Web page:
The EU denounces the lack of progress against the high discrimination of LGBTI

One in ten LGBTI people has been the victim of a physical attack for their sexual orientation in the past five years in the European Union (EU). 60% avoid shaking hands with their partner on the street to avoid problems. And almost half have suffered insults or threats during their time at school.

The level of violence and discrimination suffered by millions of lesbians, gays, bisexuals, transsexuals and intersexes in the 27 countries of the EU, plus the United Kingdom, Macedonia and Serbia, has hardly improved in recent years, according to a survey published today the EU Fundamental Rights Agency (FRA).

Almost 144,000 people have spoken about the hatred and discrimination they suffer, in the largest study of this type ever carried out, and whose title makes clear the challenge: "A long way to go for the equality of LGBTI people".

When comparing this study with a smaller one conducted in 2012, which did not include intersex people or those under 18, the FRA concludes that there has been "little, if any, progress" and that in some areas the situation has even worsened .


"The most alarming result is that of harassment, fear, and lack of security," Miltos Pavlou, one of the people responsible for the report, told Efe, recalling that 38% of those surveyed said they had been the victim of harassment in the last year for being LGBTI.

"That is unacceptable. People do not deserve to live like this," he says.

The report collects real testimonies from people who remember that their time at the institute was "hell", or who claim the right to walk hand in hand with the person they love, or who have to listen to homophobic comments every day in the job.

Among those surveyed, 40% believe that intolerance and prejudice towards the LGBTI community has decreased in the country where they live in the last five years, compared to 36% who say it has risen and 24% who say there have been no changes. .


The survey shows how the situation varies enormously not only between different EU countries, but also between the different groups that make up the LGBTI community.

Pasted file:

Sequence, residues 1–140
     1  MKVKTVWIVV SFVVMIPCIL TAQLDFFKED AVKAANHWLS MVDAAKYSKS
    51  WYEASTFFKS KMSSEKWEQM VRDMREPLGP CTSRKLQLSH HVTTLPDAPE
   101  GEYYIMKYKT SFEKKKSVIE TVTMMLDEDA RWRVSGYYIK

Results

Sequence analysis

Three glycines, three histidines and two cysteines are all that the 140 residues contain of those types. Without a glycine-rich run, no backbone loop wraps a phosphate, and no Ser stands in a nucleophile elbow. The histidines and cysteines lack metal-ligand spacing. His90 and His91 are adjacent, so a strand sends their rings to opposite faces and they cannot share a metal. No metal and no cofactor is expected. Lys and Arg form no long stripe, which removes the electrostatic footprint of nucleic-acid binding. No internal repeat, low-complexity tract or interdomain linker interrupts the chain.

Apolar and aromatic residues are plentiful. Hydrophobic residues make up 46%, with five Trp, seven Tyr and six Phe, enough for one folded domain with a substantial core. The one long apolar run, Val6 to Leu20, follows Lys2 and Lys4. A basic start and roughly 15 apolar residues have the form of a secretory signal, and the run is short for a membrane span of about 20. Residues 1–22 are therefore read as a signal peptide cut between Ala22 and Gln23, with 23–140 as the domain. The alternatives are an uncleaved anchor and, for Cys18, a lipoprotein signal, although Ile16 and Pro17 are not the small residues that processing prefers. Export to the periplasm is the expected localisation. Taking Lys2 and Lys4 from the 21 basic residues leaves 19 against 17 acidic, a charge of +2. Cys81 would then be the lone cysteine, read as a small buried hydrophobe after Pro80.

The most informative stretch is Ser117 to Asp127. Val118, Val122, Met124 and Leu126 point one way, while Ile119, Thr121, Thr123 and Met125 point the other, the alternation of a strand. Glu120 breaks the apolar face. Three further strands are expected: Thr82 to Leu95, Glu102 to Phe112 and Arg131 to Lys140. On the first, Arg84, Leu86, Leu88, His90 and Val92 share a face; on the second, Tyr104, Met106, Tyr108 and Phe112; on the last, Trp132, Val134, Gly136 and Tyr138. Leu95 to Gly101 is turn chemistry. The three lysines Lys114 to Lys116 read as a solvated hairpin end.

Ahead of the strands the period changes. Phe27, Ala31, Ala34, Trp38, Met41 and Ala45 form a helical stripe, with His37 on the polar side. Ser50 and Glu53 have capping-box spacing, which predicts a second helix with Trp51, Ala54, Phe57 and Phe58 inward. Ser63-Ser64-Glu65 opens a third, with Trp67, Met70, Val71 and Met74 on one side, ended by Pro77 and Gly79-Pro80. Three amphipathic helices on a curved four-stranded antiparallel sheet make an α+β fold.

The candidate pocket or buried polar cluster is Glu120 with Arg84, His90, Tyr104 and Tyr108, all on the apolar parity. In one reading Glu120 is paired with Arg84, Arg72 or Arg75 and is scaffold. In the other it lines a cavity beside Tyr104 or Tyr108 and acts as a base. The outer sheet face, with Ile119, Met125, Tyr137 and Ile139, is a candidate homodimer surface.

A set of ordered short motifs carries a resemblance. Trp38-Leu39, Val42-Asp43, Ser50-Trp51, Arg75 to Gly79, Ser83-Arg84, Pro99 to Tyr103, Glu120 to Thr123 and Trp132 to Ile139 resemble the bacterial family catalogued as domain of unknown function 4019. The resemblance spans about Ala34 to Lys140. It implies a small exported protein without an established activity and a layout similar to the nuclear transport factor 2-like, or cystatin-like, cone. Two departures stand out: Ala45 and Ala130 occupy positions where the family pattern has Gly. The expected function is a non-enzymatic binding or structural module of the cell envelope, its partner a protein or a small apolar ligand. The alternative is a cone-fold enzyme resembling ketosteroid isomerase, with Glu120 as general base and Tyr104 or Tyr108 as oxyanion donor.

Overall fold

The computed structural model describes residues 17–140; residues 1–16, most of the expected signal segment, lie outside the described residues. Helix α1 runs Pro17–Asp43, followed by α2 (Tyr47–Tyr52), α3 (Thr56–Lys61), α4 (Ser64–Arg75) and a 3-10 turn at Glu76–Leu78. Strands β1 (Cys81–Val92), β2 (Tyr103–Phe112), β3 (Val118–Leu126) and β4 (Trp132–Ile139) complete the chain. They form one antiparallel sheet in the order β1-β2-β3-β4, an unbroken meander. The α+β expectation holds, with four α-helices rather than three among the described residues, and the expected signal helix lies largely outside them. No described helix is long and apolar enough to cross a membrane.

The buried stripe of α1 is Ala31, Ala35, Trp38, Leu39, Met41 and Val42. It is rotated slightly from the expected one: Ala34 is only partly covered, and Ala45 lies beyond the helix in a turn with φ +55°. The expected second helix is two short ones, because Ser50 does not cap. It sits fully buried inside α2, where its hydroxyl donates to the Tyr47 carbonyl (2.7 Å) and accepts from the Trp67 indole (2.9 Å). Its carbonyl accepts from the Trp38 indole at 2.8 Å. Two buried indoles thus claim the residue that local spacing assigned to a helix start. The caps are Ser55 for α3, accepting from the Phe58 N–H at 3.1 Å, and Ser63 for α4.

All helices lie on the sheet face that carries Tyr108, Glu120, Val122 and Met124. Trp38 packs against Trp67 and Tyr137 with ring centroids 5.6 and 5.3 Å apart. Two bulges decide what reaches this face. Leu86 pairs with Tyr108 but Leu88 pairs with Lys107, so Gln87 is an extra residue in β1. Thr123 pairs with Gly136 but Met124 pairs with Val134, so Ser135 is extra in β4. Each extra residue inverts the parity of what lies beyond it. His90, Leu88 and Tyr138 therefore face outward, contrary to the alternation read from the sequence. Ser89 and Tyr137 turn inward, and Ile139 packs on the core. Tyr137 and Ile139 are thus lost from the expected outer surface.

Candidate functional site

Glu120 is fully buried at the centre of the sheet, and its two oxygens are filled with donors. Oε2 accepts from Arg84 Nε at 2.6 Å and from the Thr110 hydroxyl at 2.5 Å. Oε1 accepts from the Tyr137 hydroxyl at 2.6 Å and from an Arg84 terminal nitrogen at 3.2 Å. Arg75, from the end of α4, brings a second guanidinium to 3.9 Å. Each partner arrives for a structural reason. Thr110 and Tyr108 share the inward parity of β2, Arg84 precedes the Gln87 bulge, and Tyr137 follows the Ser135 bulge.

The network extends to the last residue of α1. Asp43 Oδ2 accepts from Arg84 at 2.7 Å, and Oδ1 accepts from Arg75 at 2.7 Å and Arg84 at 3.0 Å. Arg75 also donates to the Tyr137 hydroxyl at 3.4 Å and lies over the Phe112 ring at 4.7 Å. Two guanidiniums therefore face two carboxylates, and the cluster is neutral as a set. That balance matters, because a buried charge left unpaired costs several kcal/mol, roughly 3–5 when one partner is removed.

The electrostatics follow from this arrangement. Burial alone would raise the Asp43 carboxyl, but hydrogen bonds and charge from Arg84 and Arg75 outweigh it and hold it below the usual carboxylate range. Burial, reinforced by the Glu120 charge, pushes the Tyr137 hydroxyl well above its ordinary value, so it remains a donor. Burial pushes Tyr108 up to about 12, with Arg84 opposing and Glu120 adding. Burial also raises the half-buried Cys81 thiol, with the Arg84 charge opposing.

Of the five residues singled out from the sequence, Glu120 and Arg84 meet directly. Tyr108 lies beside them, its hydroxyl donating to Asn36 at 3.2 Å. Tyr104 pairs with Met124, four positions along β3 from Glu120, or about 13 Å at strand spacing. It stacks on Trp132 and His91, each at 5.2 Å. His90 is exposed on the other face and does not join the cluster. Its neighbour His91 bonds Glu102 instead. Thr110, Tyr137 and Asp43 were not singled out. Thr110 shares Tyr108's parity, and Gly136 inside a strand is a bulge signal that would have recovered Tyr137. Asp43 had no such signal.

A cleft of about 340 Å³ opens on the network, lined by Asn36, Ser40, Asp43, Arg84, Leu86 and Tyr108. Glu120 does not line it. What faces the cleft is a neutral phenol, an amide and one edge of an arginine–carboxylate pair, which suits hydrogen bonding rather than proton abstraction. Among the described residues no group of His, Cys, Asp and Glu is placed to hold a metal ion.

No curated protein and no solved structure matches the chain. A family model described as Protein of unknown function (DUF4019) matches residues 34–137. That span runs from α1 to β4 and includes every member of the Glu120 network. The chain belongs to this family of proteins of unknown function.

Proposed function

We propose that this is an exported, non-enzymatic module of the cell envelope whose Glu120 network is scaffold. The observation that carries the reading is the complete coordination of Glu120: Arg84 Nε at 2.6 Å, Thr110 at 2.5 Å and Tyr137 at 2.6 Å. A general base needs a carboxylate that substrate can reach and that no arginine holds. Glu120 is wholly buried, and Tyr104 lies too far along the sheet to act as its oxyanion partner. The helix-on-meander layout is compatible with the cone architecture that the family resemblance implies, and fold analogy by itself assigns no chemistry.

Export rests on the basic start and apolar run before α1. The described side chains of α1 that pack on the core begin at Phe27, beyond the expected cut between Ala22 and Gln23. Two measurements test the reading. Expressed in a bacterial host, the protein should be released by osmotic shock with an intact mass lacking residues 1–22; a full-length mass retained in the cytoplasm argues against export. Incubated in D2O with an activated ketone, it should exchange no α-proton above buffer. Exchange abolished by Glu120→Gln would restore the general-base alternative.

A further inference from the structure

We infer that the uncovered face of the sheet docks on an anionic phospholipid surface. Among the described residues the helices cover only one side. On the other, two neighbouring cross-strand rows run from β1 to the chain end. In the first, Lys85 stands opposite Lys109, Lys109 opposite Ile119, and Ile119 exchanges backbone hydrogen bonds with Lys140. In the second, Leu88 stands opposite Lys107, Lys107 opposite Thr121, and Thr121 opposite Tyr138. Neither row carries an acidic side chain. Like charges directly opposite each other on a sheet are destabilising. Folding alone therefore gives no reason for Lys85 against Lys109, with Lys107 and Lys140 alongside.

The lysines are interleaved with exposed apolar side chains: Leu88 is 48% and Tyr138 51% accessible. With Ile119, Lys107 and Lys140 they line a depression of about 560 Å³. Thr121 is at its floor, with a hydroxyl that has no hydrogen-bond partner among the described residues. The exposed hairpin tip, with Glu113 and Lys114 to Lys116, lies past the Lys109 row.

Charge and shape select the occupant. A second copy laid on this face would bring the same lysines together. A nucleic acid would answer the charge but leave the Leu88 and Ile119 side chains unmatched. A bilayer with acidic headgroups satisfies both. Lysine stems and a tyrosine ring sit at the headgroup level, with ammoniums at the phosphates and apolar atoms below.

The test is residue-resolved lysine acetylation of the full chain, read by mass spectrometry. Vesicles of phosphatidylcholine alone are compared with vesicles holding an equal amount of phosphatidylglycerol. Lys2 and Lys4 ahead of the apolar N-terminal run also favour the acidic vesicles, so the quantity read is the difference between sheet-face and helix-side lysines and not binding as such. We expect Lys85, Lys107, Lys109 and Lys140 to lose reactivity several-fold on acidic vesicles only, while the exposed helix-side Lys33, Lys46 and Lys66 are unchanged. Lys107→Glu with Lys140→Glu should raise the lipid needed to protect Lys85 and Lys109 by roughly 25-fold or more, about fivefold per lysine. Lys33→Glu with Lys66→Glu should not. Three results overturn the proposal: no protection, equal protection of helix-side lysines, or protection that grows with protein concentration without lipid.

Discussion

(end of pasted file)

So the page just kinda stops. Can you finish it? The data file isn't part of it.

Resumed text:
While 21% of lesbians and 19% of gays feel discriminated against at work, that percentage rises to 32 and 36 in the case of intersex and transsexuals, respectively.

The report dedicates a chapter to intersex people, about whom they say "suffer more discrimination than any other LGBTI group," and warns that they are twice as likely to experience physical or sexual assault as the average.

"There is total ignorance in society, so intersex people suffer even more," Pavlou explains.


Although in general the levels of discrimination are higher in Eastern Europe, there are countries in the region, such as the Czech Republic, where the situation is better than the European average, and other western countries, such as France or Germany, where in some aspects the situation is worse.

"We are not pointing fingers at countries, because we are here to help them see how they can improve their situation for the benefit of all citizens," Pavlou says.

The FRA expert sees a clear "window of change" among young people and a gradual improvement in how the subject is handled in school, although the situation is far from good.

84% of those over 40 say that LGBTI was never discussed at their time in school, while 53% of those who are now between 15 and 17, affirm that the matter has been themed, mostly in a positive way or balanced.


The support they receive has also improved: almost half of LGBTI people between the ages of 15 and 17 state that they have received, always or often, support from at least one person at school. A percentage that drops to 6% for those over 40 years of age.

But given these hopeful data, the reality of bullying remains brutal: Even today, 43% of LGBTI schoolchildren claim to have been "ridiculed, molested, insulted or threatened," a slight advance compared to 47% among those with 40 and 54 years old.


Regarding the factors driving improvement, the FRA explains that the passage and correct application of laws, the public debate on the rights of minorities and the support of well-known persons contribute to reducing discrimination.

Thus, 71% of those surveyed affirm that the visibility and participation of LGBTI people in everyday life is the main drive to reduce intolerance.

In contrast, the majority believe that the negative discourse of politicians towards the LGBTI community is the main reason for the increase in prejudice.


In this sense, only 27% of LGBTIs in Europe feel that their governments adequately respond to their security needs, a percentage that sinks to 3% in Poland, and 6 in Hungary and Italy, but reaches 81% and 69% in Malta and Luxembourg.

A significant fact is that only 10% of hate crime victims end up reporting it, mainly because they think it won't do any good.

"It is a great challenge for the EU, because the EU should be able to guarantee that people can live their lives", Pavlou summarizes when speaking of the need for action, and especially points to the responsibility of giving to children and young people " the life they deserve. " Antonio Sánchez Solís


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